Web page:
The Outside Observer

First, a health update. Day 22 of Wellbutrin.

I think I’m starting to feel the full effects of WB. My nurse-practitioner said it’d be about 4-6 weeks.

My nail cuticles, gnawed to bloodiness a week or two ago, are half-healed. I’m having fewer urges to self-destructively groom myself, which I refer to as “hyper-grooming”, and I’m resisting them about half the time. There’s a few trouble spots, a few openly red areas, but my thumbs are no longer open wounds. I really go hard on my thumbs.

I haven’t had a binge in about a week or more. I still have some problems with cooking a few cups of rice, having one cup initially, then later on raiding the rice cooker and eating all of the rest. Last night, I bought a pint of ice cream. More than half remains, and the pint is sitting in the freezer. Not empty and in the trash. Practically a miracle.

I read an insightful article earlier today, and it has my mind humming. I grew up going to a Baptist church, this one in particular. My mother stopped going when I was around 12, a fact I can’t thank her for enough. She was a victim of fundamentalism, raised to believe that her only purpose was to marry and raise children. After my father left her, she has been adrift ever after in life, looking for someone to take care of her. A victim of a closed belief system that cannot change or introspect.

I’ve always been resistant to ideas being forced upon me. I never connected with the fundamentalist religion taught to me. I never believed that my purpose was to pump out Christian babies and serve men. I never accepted what my stepmother tried to force on me. That my purpose was be ornamental, to never leave the house without a full face of makeup and a head of perfectly coiffed hair. I have resisted the chains of femininity but the punishments for doing so have lingered with me, causing their own damage. I’m only really now, at age 31, starting to understand and work through what was done to me and how it has affected me.

I feel hopeful, even as I acknowledge that my path will always be hard. I will always be treated as lesser by others for not being feminine. And that’s not my fault, but theirs. The limitations of other people do not reflect on me, as a person. Due to my uncaring father and abusive stepmother, I have sought approval from other people in an almost desperate way. Understanding that approval will likely never come is both heart wrenching and freeing. The only person that needs to approve of me is myself, and my husband. Even if he doesn’t understand at first, I think he ultimately will approve of things that I do that make me happy.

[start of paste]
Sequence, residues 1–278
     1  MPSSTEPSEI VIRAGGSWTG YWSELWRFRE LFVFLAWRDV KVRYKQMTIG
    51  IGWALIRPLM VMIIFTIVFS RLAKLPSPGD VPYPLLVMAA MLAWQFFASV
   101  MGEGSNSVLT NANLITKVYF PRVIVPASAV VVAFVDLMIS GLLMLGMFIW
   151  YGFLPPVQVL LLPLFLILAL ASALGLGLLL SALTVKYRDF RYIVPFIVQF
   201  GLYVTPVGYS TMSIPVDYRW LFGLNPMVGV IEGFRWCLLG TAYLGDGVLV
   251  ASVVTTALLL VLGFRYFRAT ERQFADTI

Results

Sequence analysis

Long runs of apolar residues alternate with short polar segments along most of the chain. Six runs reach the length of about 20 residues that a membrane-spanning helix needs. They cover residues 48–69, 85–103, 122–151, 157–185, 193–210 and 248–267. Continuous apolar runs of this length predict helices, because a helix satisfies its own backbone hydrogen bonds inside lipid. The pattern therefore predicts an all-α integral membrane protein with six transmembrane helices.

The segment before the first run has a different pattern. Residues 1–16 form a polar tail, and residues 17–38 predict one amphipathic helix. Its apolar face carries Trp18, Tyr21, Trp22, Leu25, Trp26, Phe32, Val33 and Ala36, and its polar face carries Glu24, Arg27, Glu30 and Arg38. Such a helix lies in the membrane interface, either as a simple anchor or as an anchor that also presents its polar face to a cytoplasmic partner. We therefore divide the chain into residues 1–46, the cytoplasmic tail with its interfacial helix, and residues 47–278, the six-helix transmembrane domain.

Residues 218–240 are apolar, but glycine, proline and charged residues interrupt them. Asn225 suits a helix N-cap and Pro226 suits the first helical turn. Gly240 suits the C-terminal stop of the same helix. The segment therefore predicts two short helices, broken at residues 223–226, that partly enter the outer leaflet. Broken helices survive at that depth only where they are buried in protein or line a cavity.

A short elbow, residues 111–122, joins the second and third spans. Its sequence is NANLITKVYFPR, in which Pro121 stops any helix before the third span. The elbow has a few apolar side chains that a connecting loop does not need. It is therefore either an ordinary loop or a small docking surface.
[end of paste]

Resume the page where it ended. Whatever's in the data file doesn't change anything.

A minimal amount of grooming; combed, clean hair and a clean body are all I want. I don’t want to be ornamental. I don’t live for the approval of the opposite sex like my stepmother. I don’t want to be a walking talking symbol of femininity, an idea in flesh and blood. If other people want to do that, great! I will face the social consequences for my choice, mostly all negative, in return I can be happy with myself for once. To stop caring and obsessing about the views of others is something my father could never do, and because he couldn’t I and my half-sister suffered for it. But it’s something I can do, because I am aware. I have learned to be an external analyst of my own thought processes, even if I am still learning how to redirect my thoughts.

I have harped, in the past, about being an outsider. Someone always looking in at the circles of people so closely knit together, someone who feels the cold. But being an outsider also means being an observer, being far away enough to see what’s actually there. It means seeing what others might not, when they’re too close to see clearly. That, in its own way, is a form of power. Instead of lamenting that I don’t belong, maybe I should cherish it.


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